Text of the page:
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ZSW: Green hydrogen: Southwest is Pushing Industrialization of Electrolysis

By May 12, 2020 4   min read  (707 words)

May 12, 2020 |

  • Joint project started: “Electrolysis made in Baden-Württemberg”

Green hydrogen is an important building block for the energy transition. The climate-friendly energy source is generated from green electricity using water electrolysis. 

Many large economies are currently planning to enter the industrialization of hydrogen technology. Baden-Württemberg also wants to start producing electrolyzers and the components required for them. A project led by the Center for Solar Energy and Hydrogen Research Baden-Württemberg (ZSW) started with several partners in April 2020. It is designed to harness the potential of the economy in the southwest for this new technology branch. The joint project is funded by the Baden-Württemberg Ministry of Economic Affairs.

Water electrolysis is becoming increasingly clear as a key technology for the energy transition. “It converts renewable electricity into green hydrogen, which is then available to transport and other sectors as a climate-neutral energy source or raw material,” explains Marc-Simon Löffler, head of the Department of Renewable Energy Sources and Processes at the ZSW. “In particular parts of industry – steel production, chemistry, refineries – only green hydrogen opens the way to climate neutrality,” said Löffler.

Many countries, especially Japan, China and the USA, are entering this future market. Experts estimate that the demand for electrolyzers will increase rapidly in the near future. For Baden-Württemberg, manufacturing offers a particularly promising field of activity: The state has a strong and export-oriented machine and plant construction as well as an efficient component supply industry. Anyone who quickly gets involved in the core element of power-to-x technology from these companies can be one of the first to successfully assert themselves in international competition. Because the technological lead associated with a pioneering role can help to secure long-term market shares.

The Ministry for Economic Affairs, Labor and Housing Baden-Württemberg is funding the research project “Electrolysis made in Baden-Württemberg” with around five million euros so that the potential in the southwest for domestic industry can be quickly developed. It is intended to advance the industrialization of electrolysis technology. Partners are the German Institutes for Textile and Fiber Research (DITF), the German Aerospace Center (DLR) and the Hahn-Schickard Society for Applied Research (HS, Stuttgart). “The overarching goal of BW electrolysis is to strengthen the future and competitiveness of Baden-Württemberg companies in this area,” says Marc-Simon Löffler. “Companies in the country should be given the opportunity develop a strong market position with the support of science in the hydrogen sector. Hydrogen is to be produced efficiently, cost-effectively and sustainably all over the world using electrolysis components from the southwest. This means that green hydrogen can contribute to added value in Baden-Württemberg in the future. ”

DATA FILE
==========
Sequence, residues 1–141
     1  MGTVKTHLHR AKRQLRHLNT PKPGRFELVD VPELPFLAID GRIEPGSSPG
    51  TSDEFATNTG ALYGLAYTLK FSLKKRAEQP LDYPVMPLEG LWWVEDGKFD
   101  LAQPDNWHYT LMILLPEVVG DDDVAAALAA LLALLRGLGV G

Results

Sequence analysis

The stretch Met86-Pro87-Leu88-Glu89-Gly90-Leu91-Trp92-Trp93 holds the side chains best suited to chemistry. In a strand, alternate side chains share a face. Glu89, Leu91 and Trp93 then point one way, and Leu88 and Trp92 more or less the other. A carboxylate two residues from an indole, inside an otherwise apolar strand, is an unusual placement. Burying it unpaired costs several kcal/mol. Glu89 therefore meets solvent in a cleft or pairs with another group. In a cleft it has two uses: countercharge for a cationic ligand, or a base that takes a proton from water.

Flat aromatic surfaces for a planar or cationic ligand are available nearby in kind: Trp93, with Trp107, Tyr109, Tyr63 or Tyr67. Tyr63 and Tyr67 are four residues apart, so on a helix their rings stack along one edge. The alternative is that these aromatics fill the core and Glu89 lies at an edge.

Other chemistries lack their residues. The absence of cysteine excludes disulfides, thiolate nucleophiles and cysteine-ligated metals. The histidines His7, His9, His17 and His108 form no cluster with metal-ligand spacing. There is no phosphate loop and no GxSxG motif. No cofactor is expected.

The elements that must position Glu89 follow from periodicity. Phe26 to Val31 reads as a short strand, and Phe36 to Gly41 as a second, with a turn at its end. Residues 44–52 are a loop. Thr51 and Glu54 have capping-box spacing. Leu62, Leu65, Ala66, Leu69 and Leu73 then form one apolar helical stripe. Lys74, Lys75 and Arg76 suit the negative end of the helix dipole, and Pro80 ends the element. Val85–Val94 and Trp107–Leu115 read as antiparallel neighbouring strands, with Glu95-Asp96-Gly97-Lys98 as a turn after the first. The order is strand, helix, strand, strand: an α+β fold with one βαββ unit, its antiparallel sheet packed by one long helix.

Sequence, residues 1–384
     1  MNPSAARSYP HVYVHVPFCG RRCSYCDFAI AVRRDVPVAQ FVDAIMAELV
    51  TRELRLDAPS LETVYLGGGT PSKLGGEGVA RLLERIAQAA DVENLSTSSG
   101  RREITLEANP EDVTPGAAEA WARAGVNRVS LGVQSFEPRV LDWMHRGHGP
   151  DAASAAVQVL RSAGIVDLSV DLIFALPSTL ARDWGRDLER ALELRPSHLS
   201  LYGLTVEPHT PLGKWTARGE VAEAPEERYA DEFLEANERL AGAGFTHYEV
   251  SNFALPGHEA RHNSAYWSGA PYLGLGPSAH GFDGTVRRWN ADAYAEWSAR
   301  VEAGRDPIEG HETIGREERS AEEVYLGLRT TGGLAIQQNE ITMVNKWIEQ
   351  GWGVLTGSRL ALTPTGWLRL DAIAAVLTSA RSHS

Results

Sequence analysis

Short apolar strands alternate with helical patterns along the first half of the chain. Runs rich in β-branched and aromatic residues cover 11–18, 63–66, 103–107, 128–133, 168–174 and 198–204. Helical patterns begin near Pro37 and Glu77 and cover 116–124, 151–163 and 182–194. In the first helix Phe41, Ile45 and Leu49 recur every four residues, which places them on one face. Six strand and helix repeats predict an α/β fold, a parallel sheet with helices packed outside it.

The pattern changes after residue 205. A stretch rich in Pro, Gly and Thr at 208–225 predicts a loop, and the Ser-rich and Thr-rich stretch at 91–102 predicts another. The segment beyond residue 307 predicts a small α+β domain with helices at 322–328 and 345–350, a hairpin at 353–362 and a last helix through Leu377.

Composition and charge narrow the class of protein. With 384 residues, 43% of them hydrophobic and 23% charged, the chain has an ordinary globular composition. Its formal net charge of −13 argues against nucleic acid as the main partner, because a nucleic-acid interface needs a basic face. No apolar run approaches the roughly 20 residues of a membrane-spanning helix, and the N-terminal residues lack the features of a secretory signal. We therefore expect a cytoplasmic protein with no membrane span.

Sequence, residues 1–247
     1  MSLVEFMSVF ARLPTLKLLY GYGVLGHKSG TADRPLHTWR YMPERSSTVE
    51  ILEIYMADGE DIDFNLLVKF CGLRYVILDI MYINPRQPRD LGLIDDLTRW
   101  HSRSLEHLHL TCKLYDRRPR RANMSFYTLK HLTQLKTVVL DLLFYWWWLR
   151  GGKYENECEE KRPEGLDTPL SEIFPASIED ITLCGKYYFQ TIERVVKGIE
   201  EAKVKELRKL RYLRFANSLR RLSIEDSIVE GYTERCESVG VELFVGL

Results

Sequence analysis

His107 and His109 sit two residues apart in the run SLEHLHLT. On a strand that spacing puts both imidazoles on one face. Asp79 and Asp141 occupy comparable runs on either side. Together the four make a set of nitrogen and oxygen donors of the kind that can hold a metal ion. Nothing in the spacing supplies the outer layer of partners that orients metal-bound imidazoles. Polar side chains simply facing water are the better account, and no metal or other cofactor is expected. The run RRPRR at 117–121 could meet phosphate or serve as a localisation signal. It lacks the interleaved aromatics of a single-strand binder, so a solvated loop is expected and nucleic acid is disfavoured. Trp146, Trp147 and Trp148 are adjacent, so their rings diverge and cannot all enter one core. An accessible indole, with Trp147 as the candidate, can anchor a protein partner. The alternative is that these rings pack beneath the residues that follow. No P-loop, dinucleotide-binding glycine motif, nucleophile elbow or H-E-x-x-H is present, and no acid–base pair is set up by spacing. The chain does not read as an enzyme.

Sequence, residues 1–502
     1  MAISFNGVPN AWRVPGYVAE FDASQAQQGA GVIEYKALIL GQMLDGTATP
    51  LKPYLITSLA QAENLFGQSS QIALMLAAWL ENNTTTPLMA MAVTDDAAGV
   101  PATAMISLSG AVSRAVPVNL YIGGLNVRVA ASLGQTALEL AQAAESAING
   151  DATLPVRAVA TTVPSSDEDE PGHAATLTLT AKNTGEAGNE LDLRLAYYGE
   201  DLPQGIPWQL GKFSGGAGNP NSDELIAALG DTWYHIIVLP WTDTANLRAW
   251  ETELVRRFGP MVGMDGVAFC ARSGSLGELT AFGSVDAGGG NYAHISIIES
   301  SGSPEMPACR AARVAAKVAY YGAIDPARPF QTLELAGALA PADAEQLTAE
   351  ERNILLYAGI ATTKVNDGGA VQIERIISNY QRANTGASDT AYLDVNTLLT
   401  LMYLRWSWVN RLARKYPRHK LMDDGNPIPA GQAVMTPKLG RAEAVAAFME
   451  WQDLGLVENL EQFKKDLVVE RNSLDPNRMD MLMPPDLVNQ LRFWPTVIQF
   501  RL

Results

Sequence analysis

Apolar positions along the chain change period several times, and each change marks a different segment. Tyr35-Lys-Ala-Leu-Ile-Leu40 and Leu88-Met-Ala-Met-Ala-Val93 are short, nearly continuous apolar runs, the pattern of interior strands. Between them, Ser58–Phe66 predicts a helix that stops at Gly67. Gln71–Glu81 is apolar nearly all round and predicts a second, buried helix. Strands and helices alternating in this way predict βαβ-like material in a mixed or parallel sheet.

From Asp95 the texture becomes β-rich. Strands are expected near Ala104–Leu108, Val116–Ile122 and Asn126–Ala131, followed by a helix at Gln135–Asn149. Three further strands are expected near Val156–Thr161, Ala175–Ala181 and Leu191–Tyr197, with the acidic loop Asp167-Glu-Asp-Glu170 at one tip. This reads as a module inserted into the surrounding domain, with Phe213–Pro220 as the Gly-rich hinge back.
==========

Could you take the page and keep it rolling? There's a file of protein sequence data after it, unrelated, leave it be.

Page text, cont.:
Medium-sized companies in particular should participate in the project. The centerpiece is the development of an electrolyser “made in Baden-Württemberg”: The alkaline pressure electrolyzer with an electrical output of around one megawatt is to be designed in a modular manner, so that in the future the technology will easily build on this smallest unit in larger, double-digit megawatts – Performance classes can be scaled. A CE-certified demonstrator is planned, built and used in Stuttgart under real operating conditions. Companies from Baden-Württemberg are to introduce process and electrical engineering components and manufacturing technologies that are suitable for series production into the demonstrator and help to develop an improved, standardized system technology with a high added value share. Optimized system automation should ensure trouble-free and low-maintenance operation. The companies involved can integrate or transfer these new developments into their respective products. The project thus supports direct technology transfer to the economy.

At the same time, the participating research institutions are working with interested companies on innovative materials and methods, in particular for the core component of the electrolysis block, in order to make the technology even more efficient, robust and cost-effective in the future. In addition to the optimization of an existing, patented electrolysis block design by the ZSW, this includes the development of efficient and robust ion exchange membranes, the development of sensors that can be integrated into the electrolytic cell block and thus monitor the relevant operational information directly at the point of gas generation, as well as the further development of a cost-effective one Plasma spraying process for coating electrodes.

ZSW / JOL

 

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